- Thoreau Park Elementary School
Mental Heath Summit Brings Awareness, Education to 500 Students
October 13, 2022
Parma City School District believes all students not only deserve a top-notch education, but also a safe space to learn and grow with all the support needed to succeed.
Mental health and creating an inclusive environment for all students have been a priority for us every year.
PCSD proudly hosts an annual Mental Health Summit to help give our students tools to become Mental Health Ambassadors, but this year’s summit was bigger and better than ever thanks to a very special partnership.
Kevin Love of the Cleveland Cavaliers, along with the Kevin Love Foundation, teamed up with PCSD for the summit, which was held at Rocket Mortgage Field House on October 10 – World Mental Health Day.
Students from each of our three high schools along with almost 20 other school districts in Northeast Ohio were invited to learn about important mental health topics and how to be a Mental Health Ambassador at their schools. In total over 500 students attended the day-long event.
Marian Armstrong, Parma Senior High counselor, has organized the event each year but said this year was truly special. Kevin Love, Educational Service Center of Northeast Ohio, and Quest Diagnostics each donated $5,000 and Cuyahoga County ADAMHS Board donated $1,000 to make the event possible. Students also attended a Cavaliers pre-season game after the event.
“I never would have never imagined we would have an event like this when I first started planning the summit,” she expressed. “I am so grateful for Kevin Love and the Kevin Love Foundation, sponsors, presenters, volunteers, students, and staff. To be able to see this event make an impact on so many students is truly incredible, and I am forever thankful.”
In the past, the event has only been held for PCSD students, but with mental health being such an important topic, Armstrong wanted it to be open to any school that wanted to send students.
“We aren’t teaching them to be therapists or counselors,” Armstrong shared. “We are teaching them how to recognize signs of a mental health crisis, how to be a trusted peer, and how to get help for someone in need. My hope for students is that they take away the importance of us needing to take care of each other.”
Students attended several workshops during the day that covered topics like suicide prevention, mental health 101, anxiety and depression, stress, and healthy relationships. The Kevin Love Foundation also provided a newly created Social Emotional Learning curriculum that was used at the event. Several guest speakers presented to students and there was even a special question-and-answer session with Kevin Love.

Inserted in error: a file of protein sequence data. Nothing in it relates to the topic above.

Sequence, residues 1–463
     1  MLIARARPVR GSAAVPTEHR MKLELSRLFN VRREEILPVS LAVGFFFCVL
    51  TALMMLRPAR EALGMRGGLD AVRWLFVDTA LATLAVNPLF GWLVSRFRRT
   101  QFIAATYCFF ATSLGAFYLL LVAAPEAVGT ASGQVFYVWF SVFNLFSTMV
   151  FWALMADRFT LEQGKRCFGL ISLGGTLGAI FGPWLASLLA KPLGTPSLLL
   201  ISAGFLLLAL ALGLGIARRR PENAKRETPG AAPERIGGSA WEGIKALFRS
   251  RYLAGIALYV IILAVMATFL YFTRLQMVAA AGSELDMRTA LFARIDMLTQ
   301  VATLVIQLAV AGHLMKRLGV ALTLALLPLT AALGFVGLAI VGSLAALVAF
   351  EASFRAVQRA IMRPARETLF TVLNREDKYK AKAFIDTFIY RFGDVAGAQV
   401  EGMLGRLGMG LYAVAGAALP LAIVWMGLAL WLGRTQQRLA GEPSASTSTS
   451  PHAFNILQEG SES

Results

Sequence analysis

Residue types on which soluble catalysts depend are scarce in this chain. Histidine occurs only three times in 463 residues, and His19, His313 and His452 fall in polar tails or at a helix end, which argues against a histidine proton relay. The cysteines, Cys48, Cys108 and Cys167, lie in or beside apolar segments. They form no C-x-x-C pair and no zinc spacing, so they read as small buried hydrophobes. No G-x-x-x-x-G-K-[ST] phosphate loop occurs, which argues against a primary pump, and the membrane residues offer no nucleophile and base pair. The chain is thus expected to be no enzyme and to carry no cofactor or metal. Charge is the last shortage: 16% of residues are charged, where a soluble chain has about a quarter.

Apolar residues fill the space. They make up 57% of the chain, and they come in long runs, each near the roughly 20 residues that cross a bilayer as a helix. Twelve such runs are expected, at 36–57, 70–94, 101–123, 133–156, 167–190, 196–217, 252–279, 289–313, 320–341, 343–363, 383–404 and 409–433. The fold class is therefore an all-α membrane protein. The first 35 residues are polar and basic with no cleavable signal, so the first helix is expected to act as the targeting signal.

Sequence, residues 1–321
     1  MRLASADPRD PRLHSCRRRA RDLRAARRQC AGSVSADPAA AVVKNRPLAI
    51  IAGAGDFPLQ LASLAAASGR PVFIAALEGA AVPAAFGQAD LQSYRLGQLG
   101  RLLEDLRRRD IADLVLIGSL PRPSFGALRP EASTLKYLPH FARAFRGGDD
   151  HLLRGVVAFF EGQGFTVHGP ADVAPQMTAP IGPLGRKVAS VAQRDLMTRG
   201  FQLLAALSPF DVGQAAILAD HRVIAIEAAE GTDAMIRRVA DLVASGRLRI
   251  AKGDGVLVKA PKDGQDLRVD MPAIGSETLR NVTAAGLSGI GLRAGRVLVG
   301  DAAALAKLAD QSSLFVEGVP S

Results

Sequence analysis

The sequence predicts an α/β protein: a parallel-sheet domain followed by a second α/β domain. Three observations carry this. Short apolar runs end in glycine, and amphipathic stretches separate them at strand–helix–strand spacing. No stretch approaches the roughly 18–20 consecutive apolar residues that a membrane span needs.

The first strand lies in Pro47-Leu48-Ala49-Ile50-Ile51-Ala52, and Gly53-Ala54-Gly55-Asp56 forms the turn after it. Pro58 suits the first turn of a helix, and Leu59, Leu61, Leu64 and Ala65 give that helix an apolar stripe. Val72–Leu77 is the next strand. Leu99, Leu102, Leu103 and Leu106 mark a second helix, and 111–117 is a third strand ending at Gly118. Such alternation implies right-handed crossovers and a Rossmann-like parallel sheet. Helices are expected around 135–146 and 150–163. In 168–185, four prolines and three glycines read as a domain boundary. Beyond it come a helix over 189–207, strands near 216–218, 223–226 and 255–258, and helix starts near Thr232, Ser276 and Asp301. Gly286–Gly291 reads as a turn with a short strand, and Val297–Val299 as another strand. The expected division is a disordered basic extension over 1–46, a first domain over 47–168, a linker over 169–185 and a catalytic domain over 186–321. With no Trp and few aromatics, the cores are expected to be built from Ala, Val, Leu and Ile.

Other presenters and supporters of the event included: Reilley's Angels - therapy/service dogs, Cleveland Clinic, Life Act, Recovery Resources, NAMI of Cuyahoga County, The Harris Project, The Journey Center for Safety and Healing, Youth Yoga Project, CSU Counseling department, SADD, and LGBTQ+ Center.
Elijah Breschini, an eleventh grader at Parma Senior High, said the event was very exciting and really interesting.
“The healthy relationship session was one that really impacted me because of all the stories the lady was telling I have seen happen and it really hit home,” he described. “I think this is a great thing the district offers to students. It has been nice seeing everyone talking to each other and having nice conversations - it wasn’t something I was expecting at all.”
He added that mental health is a serious topic and nothing to joke about.
Lily Eichenmiller, a ninth grader from Valley Forge, said the Mental Health Summit was a great way for students to learn how to help others who don’t have anyone else to go to.
“Talking about mental health is so important because it makes sure that no one is feeling bad about themselves and lets them know there are people they can open up to and will listen,” she expressed.
Eichenmiller is active in VF’s Hope Squad, which is an extracurricular activity in which students select student leaders who they find trustworthy and can go to if they are struggling with their mental health.
“It makes me feel good to know that people feel like they can come to me and can open up to me,” she shared. “I am here for them and will talk to them about anything they are feeling.”
“I would recommend to anyone who wants to help other people and who is interested in learning about the signs of mental illness or the signs of people who need help to come to this,” Eichenmiller added. “Mental health is something everyone should learn about and be aware of.”